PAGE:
Conservation and Trapping Science

Spatial Interactions Between Coyote and Deer
Jan 12, 2022 05:07 ET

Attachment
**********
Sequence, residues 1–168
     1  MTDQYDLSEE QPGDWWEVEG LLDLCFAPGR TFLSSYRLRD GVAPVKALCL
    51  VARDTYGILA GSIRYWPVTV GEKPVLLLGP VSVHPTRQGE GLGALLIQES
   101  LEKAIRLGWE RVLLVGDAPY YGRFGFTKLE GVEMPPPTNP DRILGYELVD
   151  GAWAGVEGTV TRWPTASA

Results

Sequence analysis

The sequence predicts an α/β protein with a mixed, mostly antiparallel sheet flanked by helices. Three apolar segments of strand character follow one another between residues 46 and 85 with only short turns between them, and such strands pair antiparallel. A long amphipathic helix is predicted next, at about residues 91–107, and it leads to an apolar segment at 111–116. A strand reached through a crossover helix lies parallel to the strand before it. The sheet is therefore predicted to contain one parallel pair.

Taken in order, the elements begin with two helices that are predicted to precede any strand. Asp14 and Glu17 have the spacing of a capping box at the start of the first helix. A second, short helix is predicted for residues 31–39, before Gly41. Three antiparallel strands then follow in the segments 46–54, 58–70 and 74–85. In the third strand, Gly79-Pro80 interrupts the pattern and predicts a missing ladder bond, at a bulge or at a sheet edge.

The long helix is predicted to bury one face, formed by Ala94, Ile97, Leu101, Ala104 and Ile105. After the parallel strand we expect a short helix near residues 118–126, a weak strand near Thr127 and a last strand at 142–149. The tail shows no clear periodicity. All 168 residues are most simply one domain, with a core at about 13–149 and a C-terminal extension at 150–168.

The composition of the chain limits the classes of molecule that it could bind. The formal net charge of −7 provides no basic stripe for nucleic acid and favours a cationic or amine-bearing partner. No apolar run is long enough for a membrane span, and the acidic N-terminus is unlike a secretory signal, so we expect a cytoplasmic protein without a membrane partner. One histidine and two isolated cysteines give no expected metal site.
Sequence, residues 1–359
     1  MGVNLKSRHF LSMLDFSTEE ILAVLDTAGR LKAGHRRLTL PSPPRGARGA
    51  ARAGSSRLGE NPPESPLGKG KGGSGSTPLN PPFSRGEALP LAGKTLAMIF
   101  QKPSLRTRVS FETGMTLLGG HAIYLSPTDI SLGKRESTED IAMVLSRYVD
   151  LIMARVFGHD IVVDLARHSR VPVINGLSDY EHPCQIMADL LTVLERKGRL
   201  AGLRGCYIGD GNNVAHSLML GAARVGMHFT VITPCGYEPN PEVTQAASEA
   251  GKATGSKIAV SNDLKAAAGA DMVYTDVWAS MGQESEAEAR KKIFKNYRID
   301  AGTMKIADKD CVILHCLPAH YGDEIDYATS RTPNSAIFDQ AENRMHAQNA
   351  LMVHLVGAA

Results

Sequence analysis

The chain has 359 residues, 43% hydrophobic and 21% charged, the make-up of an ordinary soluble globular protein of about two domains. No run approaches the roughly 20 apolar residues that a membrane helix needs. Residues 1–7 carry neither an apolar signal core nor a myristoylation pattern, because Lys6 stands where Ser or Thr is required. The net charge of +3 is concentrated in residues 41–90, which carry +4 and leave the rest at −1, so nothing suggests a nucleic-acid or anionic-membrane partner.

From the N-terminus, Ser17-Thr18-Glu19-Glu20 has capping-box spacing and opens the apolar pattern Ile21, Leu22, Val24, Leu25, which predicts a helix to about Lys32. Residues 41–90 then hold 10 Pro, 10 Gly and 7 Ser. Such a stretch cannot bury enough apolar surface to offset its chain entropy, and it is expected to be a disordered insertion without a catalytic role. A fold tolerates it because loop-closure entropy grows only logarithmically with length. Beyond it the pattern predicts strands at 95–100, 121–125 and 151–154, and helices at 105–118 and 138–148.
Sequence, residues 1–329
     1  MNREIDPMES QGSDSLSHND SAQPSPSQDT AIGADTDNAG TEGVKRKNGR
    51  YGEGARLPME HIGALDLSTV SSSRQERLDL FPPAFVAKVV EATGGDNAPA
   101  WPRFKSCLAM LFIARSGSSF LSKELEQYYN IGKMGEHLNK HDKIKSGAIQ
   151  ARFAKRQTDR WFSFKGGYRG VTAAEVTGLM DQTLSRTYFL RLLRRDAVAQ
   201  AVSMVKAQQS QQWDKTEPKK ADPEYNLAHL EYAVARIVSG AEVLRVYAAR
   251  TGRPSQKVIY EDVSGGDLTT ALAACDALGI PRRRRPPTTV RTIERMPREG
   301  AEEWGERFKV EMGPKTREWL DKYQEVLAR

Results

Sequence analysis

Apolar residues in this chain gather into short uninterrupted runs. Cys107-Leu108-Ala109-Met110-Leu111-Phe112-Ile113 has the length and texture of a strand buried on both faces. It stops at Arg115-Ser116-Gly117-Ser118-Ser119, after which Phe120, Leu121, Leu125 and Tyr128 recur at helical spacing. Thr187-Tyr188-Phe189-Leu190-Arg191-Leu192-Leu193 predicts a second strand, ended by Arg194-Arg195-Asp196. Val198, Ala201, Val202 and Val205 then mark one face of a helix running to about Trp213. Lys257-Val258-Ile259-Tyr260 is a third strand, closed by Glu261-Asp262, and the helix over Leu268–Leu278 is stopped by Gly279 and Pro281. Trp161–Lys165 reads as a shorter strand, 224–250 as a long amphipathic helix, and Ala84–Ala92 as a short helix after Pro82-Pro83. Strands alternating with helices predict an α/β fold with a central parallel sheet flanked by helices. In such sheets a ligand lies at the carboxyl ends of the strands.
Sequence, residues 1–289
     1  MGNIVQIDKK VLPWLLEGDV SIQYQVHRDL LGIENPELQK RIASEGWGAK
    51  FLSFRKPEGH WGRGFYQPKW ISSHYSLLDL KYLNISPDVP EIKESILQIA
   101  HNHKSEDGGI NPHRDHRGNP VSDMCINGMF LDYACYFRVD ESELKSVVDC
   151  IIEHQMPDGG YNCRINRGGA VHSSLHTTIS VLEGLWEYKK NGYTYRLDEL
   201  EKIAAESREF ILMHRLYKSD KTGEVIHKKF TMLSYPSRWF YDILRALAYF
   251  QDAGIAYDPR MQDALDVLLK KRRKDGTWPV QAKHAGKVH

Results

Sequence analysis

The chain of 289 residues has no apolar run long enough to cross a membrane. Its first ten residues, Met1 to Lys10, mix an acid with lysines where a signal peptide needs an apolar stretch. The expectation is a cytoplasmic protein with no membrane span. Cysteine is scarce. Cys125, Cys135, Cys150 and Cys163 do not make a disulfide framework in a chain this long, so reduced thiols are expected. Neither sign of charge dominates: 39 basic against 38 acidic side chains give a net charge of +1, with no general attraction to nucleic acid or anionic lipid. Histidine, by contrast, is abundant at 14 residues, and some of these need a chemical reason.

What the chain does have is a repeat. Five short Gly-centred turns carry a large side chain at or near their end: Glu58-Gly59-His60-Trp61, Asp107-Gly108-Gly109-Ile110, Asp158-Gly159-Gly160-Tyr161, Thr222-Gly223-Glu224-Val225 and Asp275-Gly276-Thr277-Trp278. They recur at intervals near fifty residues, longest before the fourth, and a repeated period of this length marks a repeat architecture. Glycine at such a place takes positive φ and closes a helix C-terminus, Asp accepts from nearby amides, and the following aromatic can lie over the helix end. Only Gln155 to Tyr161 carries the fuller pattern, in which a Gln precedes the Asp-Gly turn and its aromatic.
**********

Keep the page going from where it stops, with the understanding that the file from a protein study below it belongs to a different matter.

Detection/non-detection data are increasingly collected in continuous time, e.g., via camera traps or acoustic sensors. Application of occupancy modeling approaches to these datasets typically requires discretizing the dataset to detections over individual days or weeks, which precludes analysis of temporal interactions between species or covariate relationships that change over fine temporal scales. To address this limitation, we developed a two-species occupancy model that assumes a temporal point process detection model. This model permits simultaneous analysis of species interactions in space (i.e., site occupancy) and time (i.e., activity patterns). The model is also capable of estimating the amount of time animals are available for detection, i.e., availability. We applied the model to detections of white-tailed deer (Odocoileus virginianus) and coyote (Canis latrans) collected via camera trapping. We found evidence of both temporal and spatial interactions between deer and coyote. Detection intensity of deer was greater and proportionally more diurnal where coyotes were present. At hunted sites, coyotes were more likely to occur at sites where deer were also present (and vice versa). These results highlight how two-species occupancy models with a continuous-time detection process can be used to infer temporal interactions between species. Our approach broadens the set of questions ecologists can ask regarding both spatial and temporal interactions between species, as well as fine-scale temporal covariates (e.g., weather). Our model should be increasingly applicable given the increasing availability of ecological data collected in continuous time. Supplementary materials accompanying this paper appear on-line